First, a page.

Mexican President Andrés Manuel López Obrador. Photo:


Despite the fact that it took him four and a half hours to arrive at the site of the Tlahuelilpan, Hidalgo, gasoline explosion on Friday, Jan. 18, Mexican President Andrés Manuel López Obrador (AMLO) said Sunday, Jan. 20, that there was no need for him to use aero-transport to get there.

“I will not use airplanes or helicopters to be transported, except in the case of an emergency, in the situation of something that has to do with Pemex or the Navy,” AMLO told reporters during a press conference at the National Palace to present the latest registry of deaths resulting from the explosion.

“I hope that I will never have to do so.”

The president apparently does not consider an explosion that killed 79 people and counting as “an emergency,” but the people of Tlahuelilpan might disagree.

Part of a president’s inherent duties include being the consoler-in-chief after a national disaster, and AMLO’s obligation was plainly to be supportive of and show compassion for the victims by offering them his physical person immediately after the explosion, not four and a half hours later.

To make matters worse, AMLO told reporters that it was far more important that he take advantage of the road trip to Tlahuelilpan to check out gasoline supplies and costs, as well as the state of tankers, along the way to the explosion site – information he no doubt could have gotten from his team of energy experts who so astutely advised him to launch his war on gasoline theft in late December – than to get to the Hidalgo town promptly.

“If I had arrived in airplane or helicopter, when would I have seen this? When would I have seen the state of the roads and highways?” he asked.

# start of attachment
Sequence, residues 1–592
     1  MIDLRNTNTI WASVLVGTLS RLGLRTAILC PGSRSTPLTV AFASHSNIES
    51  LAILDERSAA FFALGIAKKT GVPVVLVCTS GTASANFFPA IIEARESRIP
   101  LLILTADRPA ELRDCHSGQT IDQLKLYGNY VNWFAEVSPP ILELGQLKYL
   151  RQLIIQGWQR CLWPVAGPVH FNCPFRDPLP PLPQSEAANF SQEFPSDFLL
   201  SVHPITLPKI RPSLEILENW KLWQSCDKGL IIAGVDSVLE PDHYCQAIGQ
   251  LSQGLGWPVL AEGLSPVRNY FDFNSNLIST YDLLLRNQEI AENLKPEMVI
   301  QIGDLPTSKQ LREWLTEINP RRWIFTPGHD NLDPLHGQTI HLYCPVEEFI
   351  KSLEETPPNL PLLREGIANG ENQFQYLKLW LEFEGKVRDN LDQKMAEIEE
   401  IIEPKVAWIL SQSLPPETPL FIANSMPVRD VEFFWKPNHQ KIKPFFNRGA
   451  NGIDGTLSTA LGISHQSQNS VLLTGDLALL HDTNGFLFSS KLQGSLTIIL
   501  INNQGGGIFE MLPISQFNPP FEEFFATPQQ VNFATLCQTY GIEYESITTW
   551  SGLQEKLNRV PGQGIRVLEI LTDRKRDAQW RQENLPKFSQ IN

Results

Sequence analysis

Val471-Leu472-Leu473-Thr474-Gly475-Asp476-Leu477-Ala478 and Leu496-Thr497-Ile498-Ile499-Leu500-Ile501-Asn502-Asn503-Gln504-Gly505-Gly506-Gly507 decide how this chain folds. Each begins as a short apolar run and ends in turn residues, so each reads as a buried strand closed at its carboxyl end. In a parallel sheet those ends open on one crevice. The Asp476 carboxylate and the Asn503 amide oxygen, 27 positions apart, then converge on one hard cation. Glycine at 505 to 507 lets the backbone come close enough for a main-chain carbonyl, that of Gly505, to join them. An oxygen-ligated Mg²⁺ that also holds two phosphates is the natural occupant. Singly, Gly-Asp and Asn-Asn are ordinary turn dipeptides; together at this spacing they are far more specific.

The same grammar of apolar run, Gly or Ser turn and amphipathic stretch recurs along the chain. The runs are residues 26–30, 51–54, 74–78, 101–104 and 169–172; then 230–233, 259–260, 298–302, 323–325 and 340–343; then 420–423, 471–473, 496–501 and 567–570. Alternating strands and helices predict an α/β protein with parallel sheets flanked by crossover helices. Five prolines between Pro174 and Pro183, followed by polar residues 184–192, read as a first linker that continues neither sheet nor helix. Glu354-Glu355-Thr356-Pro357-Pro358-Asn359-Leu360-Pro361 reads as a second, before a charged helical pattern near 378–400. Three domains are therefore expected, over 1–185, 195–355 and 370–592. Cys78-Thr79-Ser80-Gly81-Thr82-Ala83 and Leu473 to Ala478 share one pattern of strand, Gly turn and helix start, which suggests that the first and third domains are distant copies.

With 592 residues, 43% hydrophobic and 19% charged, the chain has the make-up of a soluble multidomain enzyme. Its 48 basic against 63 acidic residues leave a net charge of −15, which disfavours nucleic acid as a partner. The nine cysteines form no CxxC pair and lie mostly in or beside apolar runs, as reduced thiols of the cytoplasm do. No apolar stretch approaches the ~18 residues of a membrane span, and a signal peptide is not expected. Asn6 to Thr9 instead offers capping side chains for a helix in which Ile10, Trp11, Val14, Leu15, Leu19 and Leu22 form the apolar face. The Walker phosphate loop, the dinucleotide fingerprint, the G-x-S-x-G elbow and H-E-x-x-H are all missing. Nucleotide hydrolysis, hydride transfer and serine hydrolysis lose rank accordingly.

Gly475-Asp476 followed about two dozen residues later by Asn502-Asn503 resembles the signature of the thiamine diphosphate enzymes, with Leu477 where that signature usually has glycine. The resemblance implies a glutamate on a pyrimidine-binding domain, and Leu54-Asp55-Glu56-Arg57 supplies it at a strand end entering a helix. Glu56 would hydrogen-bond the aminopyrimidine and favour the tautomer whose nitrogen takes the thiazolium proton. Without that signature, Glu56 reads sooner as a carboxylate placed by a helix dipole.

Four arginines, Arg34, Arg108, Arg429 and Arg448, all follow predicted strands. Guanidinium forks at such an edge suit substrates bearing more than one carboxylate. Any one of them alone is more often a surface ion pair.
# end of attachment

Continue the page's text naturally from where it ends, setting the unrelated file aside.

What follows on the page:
Answer: How about some time other than when you are needed to console a town that is suffering massive deaths and injuries as a result of a program that you instigated and which led to a fuel shortage crisis that pushed people to resort to collect gasoline illegally in order to be able to get to their jobs the next day?

But perhaps the true coup de grâce of AMLO’s appalling response to the question of why he did not use a helicopter to get to Tlahuelilpan earlier was his personal defense of his use of land transport over aerial transport:

“I feel safe using land transport,” he said.

“I don’t have to tell anyone where I am going and I don’t have to have a meeting or travel in a committee to get there,” he said.

Maybe not, but since he is now the head of state for a nation of 132 million, he might just want to put his personal interests aside and focus instead on those of the Mexican people, starting with the needs of the victims of the Tlahuelilpan explosion, which, in the eyes of most Mexicans, qualifies as a national emergency.


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